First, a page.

Our Flawed Perception: The Challenge of Judging People | January 11, 2013

Our Flawed Perception: The Challenge of Judging People

In Chapter Three of Moby Dick, Ishmael, arrives to New Bedford, Massachusetts before he heads to Nantucket to board a whaling ship. It is a dark and stormy night. He is in a strange town with nowhere to sleep, so he walks through the streets, searching for a place to spend the night. At the Spouter‐Inn, he asks the innkeeper if there are any spare rooms, and the innkeeper says, "You don't have any objections to sharing a harpooner's blanket, do you? If you are going whaling, you need to get used to that sort of thing" (15).

Ishmael is not happy to have to share a room with someone, but he has no other place to sleep, so he agrees to a roommate whom he has never seen before.

At supper that night in the inn, Ishmael hears that this harpooner with whom he will share a room is "dark‐complexioned." And he becomes suspicious and more and more nervous as the night goes on. Ishmael works himself into such a frenzy, that again he seeks the innkeeper to find out what sort of chap the harpooner is. After all, Ishmael is in a strange inn, in a strange town, and he wants to know the person with whom he is sharing a blanket.

It turns out that Ishmael's future roommate is a cannibal from the South Seas. In the scene where they come face to face, Ishmael is horrified and terrified by the person he sees.

However, in a short period of time, Ishmael begins to revise his perception. He says, "I stood looking at him a moment. For all his tattooings, he was on the whole a clean and comely looking cannibal (26)...savage though he was, and hideously marred about the face—at least to my taste—his countenance yet had a something in it which was by no means disagreeable. You cannot hide the soul. Through all his unearthly tattooings, I thought I saw the traces of a simple honest heart" (55).

What changes Ishmael's perception of his roommate named Queequeg? What prompts him to revise his initial prejudice?

The Talmud says, "We do not see things as they are; we see things as we are." This statement has pretty amazing implications when we judge people. How do we bridge truth and human perception especially when we make judgments of people based on superficial information? Is it even possible to unite human perception and an ultimate, objective truth?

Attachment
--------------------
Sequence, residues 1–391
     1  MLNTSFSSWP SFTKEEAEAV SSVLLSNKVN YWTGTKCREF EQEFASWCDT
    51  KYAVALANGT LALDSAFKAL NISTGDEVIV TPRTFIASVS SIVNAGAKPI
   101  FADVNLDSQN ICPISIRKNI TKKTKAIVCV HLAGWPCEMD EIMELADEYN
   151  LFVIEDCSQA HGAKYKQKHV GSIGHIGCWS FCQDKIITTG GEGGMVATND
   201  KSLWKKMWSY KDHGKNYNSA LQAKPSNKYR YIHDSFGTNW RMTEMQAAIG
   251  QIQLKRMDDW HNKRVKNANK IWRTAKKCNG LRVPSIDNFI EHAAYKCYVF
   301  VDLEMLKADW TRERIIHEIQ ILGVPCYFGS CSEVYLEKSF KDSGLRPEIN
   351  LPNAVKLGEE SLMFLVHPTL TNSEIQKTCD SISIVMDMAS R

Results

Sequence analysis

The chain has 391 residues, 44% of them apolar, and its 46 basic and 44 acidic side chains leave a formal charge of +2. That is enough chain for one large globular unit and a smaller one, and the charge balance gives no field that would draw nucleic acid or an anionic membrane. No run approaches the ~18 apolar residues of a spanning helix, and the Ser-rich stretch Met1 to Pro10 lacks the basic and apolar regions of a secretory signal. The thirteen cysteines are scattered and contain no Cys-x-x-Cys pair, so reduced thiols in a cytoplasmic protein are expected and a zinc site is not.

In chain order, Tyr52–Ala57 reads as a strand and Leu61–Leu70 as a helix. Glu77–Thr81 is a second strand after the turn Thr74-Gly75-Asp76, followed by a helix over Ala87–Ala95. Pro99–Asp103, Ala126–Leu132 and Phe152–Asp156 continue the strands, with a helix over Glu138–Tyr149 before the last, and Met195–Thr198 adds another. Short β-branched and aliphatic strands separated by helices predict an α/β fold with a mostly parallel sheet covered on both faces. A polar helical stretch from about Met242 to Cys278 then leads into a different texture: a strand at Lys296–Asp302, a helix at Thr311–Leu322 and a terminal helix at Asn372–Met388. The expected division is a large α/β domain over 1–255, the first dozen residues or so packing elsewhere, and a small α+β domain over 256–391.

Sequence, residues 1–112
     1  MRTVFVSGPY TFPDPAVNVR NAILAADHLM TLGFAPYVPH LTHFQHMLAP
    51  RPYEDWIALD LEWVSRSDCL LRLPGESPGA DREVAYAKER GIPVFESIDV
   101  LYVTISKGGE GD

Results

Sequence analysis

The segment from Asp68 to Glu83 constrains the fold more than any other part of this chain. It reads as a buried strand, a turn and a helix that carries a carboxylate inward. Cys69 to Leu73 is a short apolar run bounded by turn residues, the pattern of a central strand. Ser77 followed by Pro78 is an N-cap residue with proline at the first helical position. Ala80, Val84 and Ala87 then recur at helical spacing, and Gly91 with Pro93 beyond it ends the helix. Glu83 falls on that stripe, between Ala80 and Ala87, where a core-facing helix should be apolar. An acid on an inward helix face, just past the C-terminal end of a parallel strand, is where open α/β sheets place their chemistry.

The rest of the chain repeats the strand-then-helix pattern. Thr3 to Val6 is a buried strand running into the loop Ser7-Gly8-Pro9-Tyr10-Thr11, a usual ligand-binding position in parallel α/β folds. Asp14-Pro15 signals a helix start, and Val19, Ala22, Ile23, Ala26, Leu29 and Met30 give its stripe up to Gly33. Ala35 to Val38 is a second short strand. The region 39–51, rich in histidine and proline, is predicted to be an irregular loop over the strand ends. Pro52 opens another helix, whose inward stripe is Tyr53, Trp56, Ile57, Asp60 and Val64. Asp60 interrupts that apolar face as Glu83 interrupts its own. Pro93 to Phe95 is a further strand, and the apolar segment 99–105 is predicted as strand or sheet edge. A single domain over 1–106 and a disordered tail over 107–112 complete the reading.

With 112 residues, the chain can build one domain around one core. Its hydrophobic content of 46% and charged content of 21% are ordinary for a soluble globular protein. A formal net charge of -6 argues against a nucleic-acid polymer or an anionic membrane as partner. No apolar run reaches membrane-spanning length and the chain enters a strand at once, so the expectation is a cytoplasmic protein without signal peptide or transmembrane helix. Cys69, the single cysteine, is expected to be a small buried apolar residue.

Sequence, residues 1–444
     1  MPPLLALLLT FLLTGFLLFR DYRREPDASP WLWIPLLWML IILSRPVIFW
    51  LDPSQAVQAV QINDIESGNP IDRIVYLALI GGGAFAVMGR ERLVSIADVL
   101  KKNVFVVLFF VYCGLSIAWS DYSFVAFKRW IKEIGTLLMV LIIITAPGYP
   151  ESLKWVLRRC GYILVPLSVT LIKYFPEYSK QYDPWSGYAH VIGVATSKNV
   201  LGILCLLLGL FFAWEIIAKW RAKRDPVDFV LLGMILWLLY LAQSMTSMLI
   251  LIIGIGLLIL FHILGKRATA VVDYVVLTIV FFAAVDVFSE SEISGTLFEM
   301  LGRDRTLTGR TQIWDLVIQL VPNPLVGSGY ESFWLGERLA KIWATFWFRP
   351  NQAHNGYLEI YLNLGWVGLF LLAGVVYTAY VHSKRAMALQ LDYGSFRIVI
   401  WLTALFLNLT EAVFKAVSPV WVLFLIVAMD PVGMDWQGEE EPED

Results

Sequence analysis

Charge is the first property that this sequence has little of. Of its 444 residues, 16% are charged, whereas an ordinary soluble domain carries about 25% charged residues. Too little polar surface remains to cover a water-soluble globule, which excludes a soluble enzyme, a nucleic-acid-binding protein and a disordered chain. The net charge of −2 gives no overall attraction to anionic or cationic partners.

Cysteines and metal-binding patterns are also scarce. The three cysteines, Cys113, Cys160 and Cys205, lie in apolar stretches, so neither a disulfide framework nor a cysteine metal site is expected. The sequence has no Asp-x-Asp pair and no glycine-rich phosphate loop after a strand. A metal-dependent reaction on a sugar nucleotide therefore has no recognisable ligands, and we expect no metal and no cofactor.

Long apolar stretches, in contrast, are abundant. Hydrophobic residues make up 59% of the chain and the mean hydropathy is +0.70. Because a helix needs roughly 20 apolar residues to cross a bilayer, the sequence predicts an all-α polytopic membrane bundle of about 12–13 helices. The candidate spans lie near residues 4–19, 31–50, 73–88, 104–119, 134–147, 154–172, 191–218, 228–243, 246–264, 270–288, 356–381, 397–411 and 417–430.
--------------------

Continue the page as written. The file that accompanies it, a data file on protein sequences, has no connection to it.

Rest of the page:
Of our two most prominent senses, our vision and our hearing, vision may be the most influential to our way of thinking, and it can also lead to erroneous thinking. We naturally make assumptions about people based on how they look or what they are wearing. This flawed approach can have grave consequences on our daily lives as well as in a court of law. About 75% of court cases where people are wrongly convicted the principal cause is faulty eyewitness testimony.

For example, in 1984 Jennifer Thompson, a student at Elon College in North Carolina, was assaulted in her off‐campus apartment. During the trial she pointed to a man named Ronald Cotton and said that she was 100 per cent certain that he was the intruder. Cotton spent 11 years in prison before the real rapist, Bobby Poole, was identified through DNA evidence.

Sometimes our perception of a person or event can be skewed not by visual cues but by oral cues and language. In a study by Loftus and Palmer, subjects viewed a film of a car crash. A week later when subjects were asked about the vehicles that had "smashed" into each other, they were more likely to recall having seen broken glass than subjects who were asked about the cars "hitting" each other. The use of the word "smash" versus "hit" influenced the memory of what people had seen. There was no broken glass at the scene.

Additionally, contrary to what we might imagine, our memories do not operate like video cameras. Most neuroscientists believe that every time we recall an event, we alter our memory traces of it. A good friend of mine who is about my age has a funny saying about this aspect of memory. He says, "The older I get, the stronger I was," suggesting that

he increasingly remembers himself as being stronger than he actually was.